A_3 &=& -{\pi C_f^2 \Big[ \beta_0 (4s(s+1)-3)+ C_A (15-14s(s+1)) \Big]
\over 6 (\beta_0-2 C_A)^2 }\,,\nn\\
A_4 &=& {24 \pi C_f^2 (3\beta_0-11 C_A)(5 C_A+8 C_f) \over 13\, C_A
(6\beta_0-13 C_A)^2}\,,\nn\\
A_5 &=& {-\pi C_f^2 \over \beta_0^2\, (6\beta_0-13C_A) (\beta_0-2C_A)}
\, \Bigg\{ C_A^2(-9C_A+100C_f)
\nn\\
&&+\beta_0 C_A(-74C_f+C_A(42-13s(s+1)))
+6\beta_0^2(2C_f+C_A(-3+s(s+1)))\Bigg\}
\,.
\end{eqnarray}
Our evaluation can be compared with the result obtained using the
vNRQCD formalism \cite{V1MS}. We agree for the spin-dependent terms
but differ for the spin-independent ones. The disagreement still holds
if we consider QED with light fermions ($C_f \rightarrow 1$, $C_A
\rightarrow 0$, $T_F \rightarrow 1$). Agreement is found if we
consider QED without light fermions ($C_f \rightarrow 1$, $C_A
\rightarrow 0$, $n_f \rightarrow 0$, $T_F \rightarrow 1$). If we
expand our results in $\als$ we can compare with earlier results in
the literature. By following the discussion in Ref. \cite{V1MS}, we
can relate our results with the correction to the wave-function at the
origin as defined in Ref. \cite{KP2}. We obtain
\begin{eqnarray} \label{D1}
\Delta \psi^2(0) &=& \left| \frac{c_s(\nu_p)}{c_s(1)} \right|^2-1
\,
=
-C_f \als^2 \ln(\als) \bigg\{ \Big[2-\frac23 s(s+1) \Big] C_f
+ C_A \bigg\}
\\
\nn
&&- \frac{C_f}{\pi} \als^3 \ln^2(\als) \Bigg\{ \frac32 C_f^2 +
\Big[ \frac{41}{12}-\frac{7}{12} s(s+1) \Big] C_f C_A +\frac23 C_A^2
\\
\nn
&&
\qquad\qquad\qquad\qquad
+\frac{\beta_0}{2} \bigg[ \Big( 2-\frac23 s(s+1) \Big) C_f+C_A \bigg]
\Bigg\} + \ldots \,,
\end{eqnarray}
where we have expanded up to second order in
$\ln(\nu_p)=\ln(m\als)$ with $\als\equiv\als(\nu_p)$. The first
term reproduces the leading log term \cite{BSSCM,leadinglog} (see also \cite{HT}), the $\beta_0$-independent
$O(\als^3\ln^2\als)$ terms reproduce Kniehl and Penin results
\cite{KP2} and we agree with the complete $O(\als^3\ln^2\als)$ term
computed by Manohar and Stewart \cite{V1MS} (the sign of difference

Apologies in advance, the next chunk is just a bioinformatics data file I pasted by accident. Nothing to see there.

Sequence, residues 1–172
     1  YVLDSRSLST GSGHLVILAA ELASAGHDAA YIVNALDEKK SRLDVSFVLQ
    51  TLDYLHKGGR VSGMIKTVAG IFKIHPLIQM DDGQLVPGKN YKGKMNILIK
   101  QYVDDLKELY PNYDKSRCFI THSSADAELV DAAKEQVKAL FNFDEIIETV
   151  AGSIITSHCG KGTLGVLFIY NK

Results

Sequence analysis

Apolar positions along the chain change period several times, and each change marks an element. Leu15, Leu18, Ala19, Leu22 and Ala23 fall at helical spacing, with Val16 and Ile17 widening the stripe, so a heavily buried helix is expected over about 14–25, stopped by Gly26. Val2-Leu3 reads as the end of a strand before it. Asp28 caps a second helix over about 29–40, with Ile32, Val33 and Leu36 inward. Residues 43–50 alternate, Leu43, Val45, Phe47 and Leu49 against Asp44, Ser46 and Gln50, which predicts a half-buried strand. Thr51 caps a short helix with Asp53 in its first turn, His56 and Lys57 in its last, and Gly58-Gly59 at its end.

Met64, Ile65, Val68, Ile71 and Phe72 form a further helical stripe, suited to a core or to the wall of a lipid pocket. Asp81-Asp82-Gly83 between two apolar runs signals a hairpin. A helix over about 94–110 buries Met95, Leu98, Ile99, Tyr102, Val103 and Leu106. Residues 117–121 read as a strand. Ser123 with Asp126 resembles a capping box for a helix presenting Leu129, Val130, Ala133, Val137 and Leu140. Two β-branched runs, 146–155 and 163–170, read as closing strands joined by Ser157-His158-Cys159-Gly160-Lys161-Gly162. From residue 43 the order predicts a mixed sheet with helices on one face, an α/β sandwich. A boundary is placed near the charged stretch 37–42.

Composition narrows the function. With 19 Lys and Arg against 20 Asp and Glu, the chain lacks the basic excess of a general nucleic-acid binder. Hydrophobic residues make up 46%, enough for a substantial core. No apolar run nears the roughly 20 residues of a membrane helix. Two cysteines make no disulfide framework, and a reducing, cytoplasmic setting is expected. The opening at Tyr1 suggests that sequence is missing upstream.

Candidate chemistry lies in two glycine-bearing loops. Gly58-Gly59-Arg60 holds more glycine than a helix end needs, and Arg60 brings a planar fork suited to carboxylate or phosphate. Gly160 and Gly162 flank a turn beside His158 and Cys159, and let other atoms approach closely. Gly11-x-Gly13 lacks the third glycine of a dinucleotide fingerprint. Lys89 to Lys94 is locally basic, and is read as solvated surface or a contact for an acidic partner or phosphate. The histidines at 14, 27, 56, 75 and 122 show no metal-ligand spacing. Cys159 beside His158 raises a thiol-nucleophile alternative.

for the $\beta_0$-dependent terms displayed in Ref. \cite{V1MS} is due
to the fact that in Ref. \cite{V1MS} the expansion was made with
$\als(m)$ whereas here we have chosen $\als(m\als)$). Nevertheless,
disagreement with this last evaluation appears at higher orders in the
expansion in $\als$ (we have explicitly checked this for the
$O(\als^4\ln^3\als)$ terms). As far as we can see the disagreement seems
to be due to the fact that they have different expressions for the RG
improved potentials \cite{vNRQCD2,V1MS}.
By setting $\nu_p \sim m\als$, $c_s(\nu_p)$ includes all the large logs at NLL order in any S-wave
heavy-quarkonium production observable we can think of. For instance, the decays to $e^+e^-$ and to two
photons at NLL order read
\bea
\Gamma(V_Q (nS) \rightarrow e^+e^-) &=&
2 \left[ { \alpha_{em} Q \over M_{V_Q(nS)}} \right]^2
\left({m_QC_f\als \over n}\right)^3
\left\{
c_1(\nu_p)(1+\delta \phi_n)
\right\}^2
\\
\nn
&\simeq&
2 \left[ { \alpha_{em} Q \over M_{V_Q(nS)}} \right]^2
\left({m_QC_f\als \over n}\right)^3
\left\{1+2(c_1(\nu_p)-1)+2\delta \phi_n
\right\}
\,,
\\
\Gamma(P_Q (nS) \rightarrow \gamma\gamma) &=&
6 \left[ { \alpha_{em} Q^2 \over M_{P_Q(nS)}} \right]^2
\left({m_QC_f\als \over n}\right)^3
\left\{
c_0(\nu_p)(1+\delta \phi_n)
\right\}^2
\\
\nn
&\simeq&
6 \left[ { \alpha_{em} Q^2 \over M_{P_Q(nS)}} \right]^2
\left({m_QC_f\als \over n}\right)^3
\left\{1+2(c_0(\nu_p)-1)+2\delta \phi_n
\right\}
\,,
\eea
where $V$ and $P$ stand for the vector and pseudoscalar heavy
quarkonium, we have fixed $\nu_p=m_QC_f\als/n$, $\als=\als(\nu_p)$, and
($\Psi_n(z) ={d^n \ln \Gamma (z) \over dz^n}$ and $\Gamma (z)$ is the
Euler $\Gamma$-function)
\be
\delta \phi_n ={\als \over \pi}
\left[-C_A+
{\beta_0\over 4}
\left(\Psi_1(n+1)-2n\Psi_2(n)+{3 \over 2}+\gamma_E+{2\over n}
\right)
\right]
\,,
\ee
which has been read from Ref. \cite{leadinglog} (see also \cite{KPPY}). Working along similar
lines one could easily obtain NLL expressions for other heavy quarkonium
observables in the study of $t$-$\bar t$ production
near threshold or in sum rules of bottomonium.
In conclusion, we have shown that pNRQCD, if necessary, can
comprehensively incorporate a RG framework by using the method
described in Ref. \cite{RGmass} plus incorporating the idea \cite{LMR}
of correlating the cutoffs of the effective theory. We have used this
formalism to compute the running of the matching coefficients of the
vector and pseudoscalar currents and disagreement with the results
obtained using the vNRQCD framework have been found \cite{V1MS}. Our
results allow to obtain S-wave heavy quarkonium production observables
with NLL accuracy. We have explicitely illustrated this point for
heavy-quarkonium decays to $e^+e^-$ and to two photons.
{\bf Acknowledgments}\\
We thank A. Hoang, A.V. Manohar and specially J. Soto for useful
discussions. We also thank J. Soto for comments on the
manuscript.